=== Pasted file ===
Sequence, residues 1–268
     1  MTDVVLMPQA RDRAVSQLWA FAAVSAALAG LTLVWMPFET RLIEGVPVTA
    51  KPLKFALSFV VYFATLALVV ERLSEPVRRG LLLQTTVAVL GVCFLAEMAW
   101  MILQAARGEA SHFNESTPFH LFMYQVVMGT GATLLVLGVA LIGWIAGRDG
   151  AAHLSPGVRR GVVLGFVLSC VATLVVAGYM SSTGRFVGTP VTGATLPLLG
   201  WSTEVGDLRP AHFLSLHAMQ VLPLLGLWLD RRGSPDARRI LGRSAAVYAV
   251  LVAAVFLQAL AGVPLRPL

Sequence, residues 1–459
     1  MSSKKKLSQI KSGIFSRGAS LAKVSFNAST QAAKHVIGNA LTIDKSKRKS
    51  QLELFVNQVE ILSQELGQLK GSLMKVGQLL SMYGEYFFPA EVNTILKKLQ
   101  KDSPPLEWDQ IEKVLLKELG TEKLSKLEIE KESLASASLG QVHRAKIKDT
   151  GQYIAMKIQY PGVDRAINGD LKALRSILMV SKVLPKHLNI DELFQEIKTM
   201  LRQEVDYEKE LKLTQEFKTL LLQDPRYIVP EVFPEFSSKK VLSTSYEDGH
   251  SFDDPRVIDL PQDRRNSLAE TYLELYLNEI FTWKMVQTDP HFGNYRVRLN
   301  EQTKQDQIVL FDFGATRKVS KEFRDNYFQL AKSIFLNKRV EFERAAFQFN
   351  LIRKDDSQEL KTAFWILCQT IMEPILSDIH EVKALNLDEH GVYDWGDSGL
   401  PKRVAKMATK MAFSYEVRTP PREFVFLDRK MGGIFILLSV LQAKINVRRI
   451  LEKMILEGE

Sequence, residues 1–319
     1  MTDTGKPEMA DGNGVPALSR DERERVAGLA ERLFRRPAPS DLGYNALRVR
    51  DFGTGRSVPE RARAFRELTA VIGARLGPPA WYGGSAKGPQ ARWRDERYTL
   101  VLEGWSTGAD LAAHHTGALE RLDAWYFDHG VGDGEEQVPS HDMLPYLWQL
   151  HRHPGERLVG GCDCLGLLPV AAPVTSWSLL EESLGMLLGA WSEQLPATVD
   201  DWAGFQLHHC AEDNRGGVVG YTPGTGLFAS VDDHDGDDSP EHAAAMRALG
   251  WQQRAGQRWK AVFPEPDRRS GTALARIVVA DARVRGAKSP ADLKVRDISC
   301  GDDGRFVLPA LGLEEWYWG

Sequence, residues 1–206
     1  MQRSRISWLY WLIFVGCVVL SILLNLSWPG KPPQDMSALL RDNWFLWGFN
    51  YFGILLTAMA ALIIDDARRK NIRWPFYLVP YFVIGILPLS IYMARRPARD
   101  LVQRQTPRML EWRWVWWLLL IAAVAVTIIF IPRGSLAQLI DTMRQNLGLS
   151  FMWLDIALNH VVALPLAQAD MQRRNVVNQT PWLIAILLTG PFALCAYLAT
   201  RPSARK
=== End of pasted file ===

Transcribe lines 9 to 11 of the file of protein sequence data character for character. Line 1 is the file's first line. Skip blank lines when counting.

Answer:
     1  MSSKKKLSQI KSGIFSRGAS LAKVSFNAST QAAKHVIGNA LTIDKSKRKS
    51  QLELFVNQVE ILSQELGQLK GSLMKVGQLL SMYGEYFFPA EVNTILKKLQ
   101  KDSPPLEWDQ IEKVLLKELG TEKLSKLEIE KESLASASLG QVHRAKIKDT